Trade Routes: The History of Business via the Dress Code is an artwork and permanent installation at the Indian School of Business (ISB), Mohali.
Through this artwork, which was specially commissioned by the Indian School of Business, we have showcased a slice of history though merchants, traders and businessmen. This installation, which was painstakingly researched and conceptualized — involved searching for appropriate artisans from across the country, as well as paying attention to detail in every aspect of the project — from the creation of the dolls to the artwork and installation — was created over the period of a year.
This artwork was created using two distinct handicrafts of India — The Channapatna wooden toys from Karnataka and miniature painting from Rajasthan (with artist Anup Sharma). Our research for this project is based on references from photographs, lithographs, oil paintings and ﬁgurines found online or in books. The representation is not exhaustive but an imaginative rendition using traditional crafts.
Trade has been an essential human activity ever since the dawn of our existence. Trade brings civilizations together — it connects the myths, languages, customs and culture of one people with another. During the Silk Route, goods and ideas traveled vast distances, and friendship between East and West were experienced for the first time on an unprecedented level.
Trade in the ancient Spice Route brought Romans in contact with the people of Kerala which was facilitated by the political control of Egypt by Augustus. This gave rise to a very profitable sea trade which utilized the Red Sea to provide passage to India to acquire luxury goods that had become fashionable within the Empire. Roman ships left Egypt in July to reach the Gulf of Aden and, from there, they exploited the south-west monsoon to sail to the ports of Barygaza (Broach in Gujarat) or Muziris (in Kerala), on the west coast of India.
The concept of this artwork is to depict the History of Business and Trade — through the dress codes of traders, merchants and businessmen — across time and place . The ﬁgures depict the Parsis, the Marwaris, the Banias and Chinese merchants. We have included the seafaring traders such as the Flemish and Dutch merchants, as well as traders from the British and Dutch East India Companies respectively. British and French bankers from the 16th to 18th centuries have also been depicted. A major aspect of business in the west — both today and in the past — is associated with Jewish people. We have included both their traditional and contemporary dress codes.
As societies developed and work became more specialized — each section of social class — whether royalty, the army, traders etc, developed their own unique dress code which was an indicator of their status and position in society. Dress codes indicates the person’s gender, income, occupation and social class, political, ethnic and religious afﬁliation, attitude, traditions, gender expression, marital status, sexual availability, and sexual orientation, etc.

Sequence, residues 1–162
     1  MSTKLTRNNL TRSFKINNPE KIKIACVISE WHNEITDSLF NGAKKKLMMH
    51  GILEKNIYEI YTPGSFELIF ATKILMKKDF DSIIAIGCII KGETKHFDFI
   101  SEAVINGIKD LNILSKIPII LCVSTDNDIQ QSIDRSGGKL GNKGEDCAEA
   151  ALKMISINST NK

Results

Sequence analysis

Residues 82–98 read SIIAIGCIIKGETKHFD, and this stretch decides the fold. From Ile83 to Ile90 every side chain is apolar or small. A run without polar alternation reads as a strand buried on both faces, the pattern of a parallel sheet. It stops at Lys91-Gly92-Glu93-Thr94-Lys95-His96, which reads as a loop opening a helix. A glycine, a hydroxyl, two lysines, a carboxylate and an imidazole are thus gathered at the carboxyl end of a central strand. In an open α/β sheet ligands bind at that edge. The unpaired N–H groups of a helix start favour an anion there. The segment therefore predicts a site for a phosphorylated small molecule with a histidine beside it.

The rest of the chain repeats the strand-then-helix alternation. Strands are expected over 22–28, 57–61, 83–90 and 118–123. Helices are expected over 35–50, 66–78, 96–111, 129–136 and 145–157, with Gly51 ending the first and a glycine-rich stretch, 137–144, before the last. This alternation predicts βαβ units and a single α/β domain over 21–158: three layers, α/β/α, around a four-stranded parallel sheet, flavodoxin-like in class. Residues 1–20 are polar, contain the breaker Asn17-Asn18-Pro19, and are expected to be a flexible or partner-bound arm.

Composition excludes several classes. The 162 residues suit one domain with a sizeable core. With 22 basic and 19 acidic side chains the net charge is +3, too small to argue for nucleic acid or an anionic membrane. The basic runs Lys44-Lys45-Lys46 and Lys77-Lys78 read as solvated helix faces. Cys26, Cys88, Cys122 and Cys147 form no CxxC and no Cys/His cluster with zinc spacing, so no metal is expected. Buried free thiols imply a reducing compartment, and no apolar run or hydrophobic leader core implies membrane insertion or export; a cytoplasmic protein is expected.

In Europe, there were laws such as the Sumptory Laws that regulated and reinforced social hierarchies and morals through restrictions, often depending upon a person’s social rank, on permitted clothing and food. These were also an easy way to identify social rank and privilege and sometimes used for social discrimination.
In India, the dress code via the turban or paghri, have given men their identity — the way the turban is tied, the color and pattern it displays — acts as an indicator of belonging to a certain caste, tribe, region and profession. This is similar to sari in women's clothing which acts as an identifier and gives a woman a place in society. It also allows men to know if certain women are unmarried and in some cases vice-versa.
In today’s world, like in previous times, dress codes play such a major role in terms of corporate code and what constitutes formal and presentable. Similarly in Europe, businessmen up until modern times, wore the dress that was in vogue at the time such as wigs and elaborate clothing. However, with time the work clothes all over the world became less decorative and more functional.
In the early 20th century, the business suit with pin stripes and the bowler hat came into prominence. Since then, the business suit has never looked back. It has managed to transcend race, religion, caste, gender and nationality and has become the uniform of choice for businesspeople and corporates across the world. While the business suit is a uniﬁer, it is a garment which however makes one’s culture anonymous.
Note: images used in Research are used for reference only.
This project was featured on the cover of Pool Magazine, issue 55 in January 2015